Disciples are not a special class of super-spiritual believers! Every believer is a disciple and each has a distinct role. We are a body of different parts and every part must do its share according to the measure of faith given by grace.

Misconception #2: Believers must be called to be disciples

Misconception 2We have all been told that we must first be called before we can be considered for discipleship. After all, that was what Jesus did.

Everyone presumes that Jesus called the 12. However, the gospels only record seven – Peter, Andrew, James, John, Matthew, Philip and Nathanael (Matt 4:18-22; Mark 1:16-20; Luke 5:1-11; John 1:35-51). The Bible is silent on the other five. And technically, Jesus didn’t call Nathanael; Philip did (John 1:48).

Another presumption is that Jesus had 12 and only 12 disciples (just like we presume there were three kings in the nativity story. It’s not in the Bible, by the way.). Quite obviously, Jesus had more than 12 disciples. Otherwise, there would have been no need to pray the entire night to choose 12 to be apostles (Luke 6:12-16). Luke 10:1 mentions 70 (or 72 NIV) others. After Jesus’ resurrection, He appeared to over 500 brethren at once. This means that there could have been a lot more before Jesus died but these stopped believing and following upon His death.

Numbers notwithstanding, Scriptures show us that Jesus invited (called) some and some invited themselves, as in Luke 9:57-62. When Jesus explained what it meant to follow Him, some stopped believing and thus did not follow. In Mark 10:17-22, Jesus told the rich young man that eternal life was found in Him. The call for him to follow was essentially an invitation for him to believe in that promise. The rich young man believed in his riches and good works and followed these instead of the One who could give him eternal life. Once again, discipleship is premised on faith in Jesus and what He promises. Discipleship is to put legs to our faith, to walk the talk.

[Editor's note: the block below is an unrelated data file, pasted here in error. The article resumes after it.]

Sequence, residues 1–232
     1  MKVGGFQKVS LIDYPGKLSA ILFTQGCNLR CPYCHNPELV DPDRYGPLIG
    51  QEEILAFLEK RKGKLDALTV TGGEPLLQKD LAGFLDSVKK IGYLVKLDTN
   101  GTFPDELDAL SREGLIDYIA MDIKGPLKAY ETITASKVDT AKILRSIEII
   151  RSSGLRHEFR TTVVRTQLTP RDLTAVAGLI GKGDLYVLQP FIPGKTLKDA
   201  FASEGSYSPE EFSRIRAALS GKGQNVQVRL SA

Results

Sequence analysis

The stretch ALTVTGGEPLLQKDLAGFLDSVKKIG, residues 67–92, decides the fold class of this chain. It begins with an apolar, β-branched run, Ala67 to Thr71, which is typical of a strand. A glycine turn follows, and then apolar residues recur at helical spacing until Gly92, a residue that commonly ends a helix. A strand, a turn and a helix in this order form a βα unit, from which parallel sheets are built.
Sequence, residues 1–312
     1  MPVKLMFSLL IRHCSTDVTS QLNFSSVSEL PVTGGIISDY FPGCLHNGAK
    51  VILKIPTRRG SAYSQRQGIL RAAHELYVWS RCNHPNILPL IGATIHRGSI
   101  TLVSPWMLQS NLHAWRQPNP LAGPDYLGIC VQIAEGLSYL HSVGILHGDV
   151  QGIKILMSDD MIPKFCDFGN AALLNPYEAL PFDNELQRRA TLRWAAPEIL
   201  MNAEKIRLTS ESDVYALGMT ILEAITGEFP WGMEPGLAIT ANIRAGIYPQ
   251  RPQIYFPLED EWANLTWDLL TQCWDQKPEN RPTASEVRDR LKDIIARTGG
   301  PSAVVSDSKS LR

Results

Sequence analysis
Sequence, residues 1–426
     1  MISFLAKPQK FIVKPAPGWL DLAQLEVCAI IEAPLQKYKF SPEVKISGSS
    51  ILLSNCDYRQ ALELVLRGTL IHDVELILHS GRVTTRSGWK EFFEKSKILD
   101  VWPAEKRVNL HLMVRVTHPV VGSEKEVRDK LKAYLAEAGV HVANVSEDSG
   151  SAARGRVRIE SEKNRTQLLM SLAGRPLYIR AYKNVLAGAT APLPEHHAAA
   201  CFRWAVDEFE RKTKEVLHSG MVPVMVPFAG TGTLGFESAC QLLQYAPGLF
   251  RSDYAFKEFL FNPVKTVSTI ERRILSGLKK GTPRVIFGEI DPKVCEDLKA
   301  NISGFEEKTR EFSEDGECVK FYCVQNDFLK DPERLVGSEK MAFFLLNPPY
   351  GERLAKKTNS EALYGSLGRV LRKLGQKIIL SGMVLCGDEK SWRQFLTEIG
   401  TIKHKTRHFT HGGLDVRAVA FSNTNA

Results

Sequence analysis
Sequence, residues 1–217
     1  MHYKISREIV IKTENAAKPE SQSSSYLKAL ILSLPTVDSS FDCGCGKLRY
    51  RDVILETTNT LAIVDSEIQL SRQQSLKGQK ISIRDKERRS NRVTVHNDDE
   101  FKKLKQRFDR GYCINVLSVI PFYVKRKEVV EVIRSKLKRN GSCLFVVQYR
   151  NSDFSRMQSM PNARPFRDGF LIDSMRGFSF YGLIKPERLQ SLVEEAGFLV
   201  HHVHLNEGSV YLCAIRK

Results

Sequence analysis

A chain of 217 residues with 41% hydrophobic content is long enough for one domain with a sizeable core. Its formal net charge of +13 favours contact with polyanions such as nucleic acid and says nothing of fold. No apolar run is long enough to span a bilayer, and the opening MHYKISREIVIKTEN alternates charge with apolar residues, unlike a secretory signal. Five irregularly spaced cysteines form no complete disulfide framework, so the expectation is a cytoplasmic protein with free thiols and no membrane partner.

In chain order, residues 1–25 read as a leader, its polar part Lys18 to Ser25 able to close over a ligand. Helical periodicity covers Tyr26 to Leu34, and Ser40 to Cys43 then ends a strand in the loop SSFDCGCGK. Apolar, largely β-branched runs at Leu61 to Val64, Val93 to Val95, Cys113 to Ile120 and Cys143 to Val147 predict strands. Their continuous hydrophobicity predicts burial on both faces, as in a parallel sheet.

From the above, we see that Jesus did not call each and every one of His disciples. As such, this notion of the call cannot be applied across the board. But that is what we have been taught! And this has resulted in too many waiting to be called, claiming they have not heard the call or rationalising that they are not called, that discipleship does not apply to them. Can this possibly be true? How can one say that they are followers of Jesus Christ yet be convinced that discipleship is not for them?

There is no need to wait for a call to be a disciple! Stop waiting to be called! If you truly know what you believe, you will follow!